Antimicrobial agents are among the most commonly prescribed drugs in pregnancy due to the increased susceptibility to infections during pregnancy. Antimicrobials can contribute to different maternal complications. Therefore, it is important to study their patterns in prescription and utilization. The data regarding this issue is scarce in Saudi Arabia. Therefore, the aim of this study is to generate data on the antimicrobial agents that are most commonly prescribed during pregnancy as well as their indications and safety.
This is a retrospective study focusing on pregnant women with a known antimicrobial use at Johns Hopkins Aramco Healthcare (JHAH). The sample included 344 pregnant women with a total of 688 antimicrobial agents prescribed. Data was collected on the proportion of pregnant women who received antimicrobial agents and on the drug safety during pregnancy using the risk categorization system of the U.S. Food and Drug Administration (FDA).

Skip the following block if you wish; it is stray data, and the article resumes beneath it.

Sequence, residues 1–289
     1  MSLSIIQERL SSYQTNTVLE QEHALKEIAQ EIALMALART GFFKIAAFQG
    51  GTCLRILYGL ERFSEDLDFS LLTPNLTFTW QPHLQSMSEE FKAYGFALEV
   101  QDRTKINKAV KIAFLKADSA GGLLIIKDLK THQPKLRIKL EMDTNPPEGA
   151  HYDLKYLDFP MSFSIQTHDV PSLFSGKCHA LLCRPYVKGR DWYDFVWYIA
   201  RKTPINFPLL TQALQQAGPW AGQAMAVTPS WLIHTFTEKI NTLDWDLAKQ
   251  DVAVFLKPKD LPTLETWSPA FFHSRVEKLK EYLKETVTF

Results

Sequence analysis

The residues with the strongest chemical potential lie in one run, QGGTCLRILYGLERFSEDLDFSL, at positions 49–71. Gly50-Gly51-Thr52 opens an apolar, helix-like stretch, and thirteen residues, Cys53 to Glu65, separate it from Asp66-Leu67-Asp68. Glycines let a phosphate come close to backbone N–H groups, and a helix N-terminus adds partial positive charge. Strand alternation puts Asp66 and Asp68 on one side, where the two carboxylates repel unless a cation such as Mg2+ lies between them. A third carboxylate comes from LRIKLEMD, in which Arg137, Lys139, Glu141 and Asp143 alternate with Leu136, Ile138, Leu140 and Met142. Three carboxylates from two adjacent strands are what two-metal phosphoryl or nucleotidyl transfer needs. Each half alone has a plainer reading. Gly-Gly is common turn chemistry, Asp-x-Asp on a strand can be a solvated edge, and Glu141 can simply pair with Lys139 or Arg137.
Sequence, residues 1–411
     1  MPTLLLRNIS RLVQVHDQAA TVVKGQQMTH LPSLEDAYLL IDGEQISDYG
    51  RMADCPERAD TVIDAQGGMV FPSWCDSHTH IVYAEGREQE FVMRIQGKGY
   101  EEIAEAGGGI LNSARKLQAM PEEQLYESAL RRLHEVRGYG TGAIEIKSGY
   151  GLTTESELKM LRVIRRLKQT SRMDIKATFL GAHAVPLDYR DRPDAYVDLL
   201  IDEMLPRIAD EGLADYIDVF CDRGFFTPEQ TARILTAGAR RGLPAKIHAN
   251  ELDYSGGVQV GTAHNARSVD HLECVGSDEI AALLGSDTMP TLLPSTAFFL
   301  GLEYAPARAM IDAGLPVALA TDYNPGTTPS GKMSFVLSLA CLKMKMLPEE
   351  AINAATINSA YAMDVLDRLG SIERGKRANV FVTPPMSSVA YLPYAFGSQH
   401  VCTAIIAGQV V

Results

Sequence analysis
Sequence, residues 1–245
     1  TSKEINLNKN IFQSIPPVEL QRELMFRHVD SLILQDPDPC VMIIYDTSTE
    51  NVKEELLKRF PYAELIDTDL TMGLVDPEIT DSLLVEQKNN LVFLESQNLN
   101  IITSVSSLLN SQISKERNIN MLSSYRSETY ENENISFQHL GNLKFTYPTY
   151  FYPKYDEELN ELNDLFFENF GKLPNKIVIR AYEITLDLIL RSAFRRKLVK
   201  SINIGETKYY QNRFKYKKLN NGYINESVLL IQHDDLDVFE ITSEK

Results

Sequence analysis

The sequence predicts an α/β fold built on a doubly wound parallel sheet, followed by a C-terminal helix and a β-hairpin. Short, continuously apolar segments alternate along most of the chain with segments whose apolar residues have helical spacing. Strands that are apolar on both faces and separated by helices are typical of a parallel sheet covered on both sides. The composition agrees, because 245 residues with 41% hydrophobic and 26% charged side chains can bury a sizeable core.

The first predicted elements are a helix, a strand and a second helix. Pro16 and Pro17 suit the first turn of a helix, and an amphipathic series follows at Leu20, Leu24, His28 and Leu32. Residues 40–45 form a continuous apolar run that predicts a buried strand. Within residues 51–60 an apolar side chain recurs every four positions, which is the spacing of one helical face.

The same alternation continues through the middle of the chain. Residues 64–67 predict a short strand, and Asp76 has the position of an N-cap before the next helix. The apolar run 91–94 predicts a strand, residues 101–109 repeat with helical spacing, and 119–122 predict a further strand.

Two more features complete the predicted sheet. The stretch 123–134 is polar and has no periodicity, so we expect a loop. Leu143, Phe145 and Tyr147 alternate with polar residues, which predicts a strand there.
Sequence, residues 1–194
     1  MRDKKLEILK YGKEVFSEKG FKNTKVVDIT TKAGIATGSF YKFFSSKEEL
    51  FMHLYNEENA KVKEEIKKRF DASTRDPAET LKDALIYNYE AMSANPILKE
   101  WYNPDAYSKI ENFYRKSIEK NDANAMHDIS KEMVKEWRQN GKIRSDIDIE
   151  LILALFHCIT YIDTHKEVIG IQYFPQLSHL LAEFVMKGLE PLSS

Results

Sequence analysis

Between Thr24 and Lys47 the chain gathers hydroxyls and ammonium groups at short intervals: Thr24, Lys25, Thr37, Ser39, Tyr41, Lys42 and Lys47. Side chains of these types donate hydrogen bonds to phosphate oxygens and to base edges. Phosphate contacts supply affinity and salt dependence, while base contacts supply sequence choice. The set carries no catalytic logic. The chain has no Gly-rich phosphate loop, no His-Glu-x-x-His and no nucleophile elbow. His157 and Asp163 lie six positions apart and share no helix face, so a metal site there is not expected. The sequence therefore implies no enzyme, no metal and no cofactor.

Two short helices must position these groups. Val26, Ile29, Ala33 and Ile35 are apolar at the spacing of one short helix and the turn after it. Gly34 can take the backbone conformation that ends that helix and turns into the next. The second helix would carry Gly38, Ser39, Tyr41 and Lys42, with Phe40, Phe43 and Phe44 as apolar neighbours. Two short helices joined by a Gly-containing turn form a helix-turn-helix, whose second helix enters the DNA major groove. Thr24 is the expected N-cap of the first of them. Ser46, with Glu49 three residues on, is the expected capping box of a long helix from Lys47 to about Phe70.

The results showed that urinary tract infections (UTIs) were the most reported (59%) infectious diseases. Around 48% of pregnant women received antimicrobial medications at some point during pregnancy. The top two antimicrobial agents based on prescription frequency were B-lactams (44.6%) and azole anti-fungals (30%). The prescribed drugs in the study were found to be from classes B, C and D under the FDA risk classification system.
The study revealed a high proportion of antimicrobials prescribed during pregnancy that might pose risks to mothers and their fetuses. Future multicenter studies are warranted to evaluate the rational prescription of antimicrobial medications during pregnancy.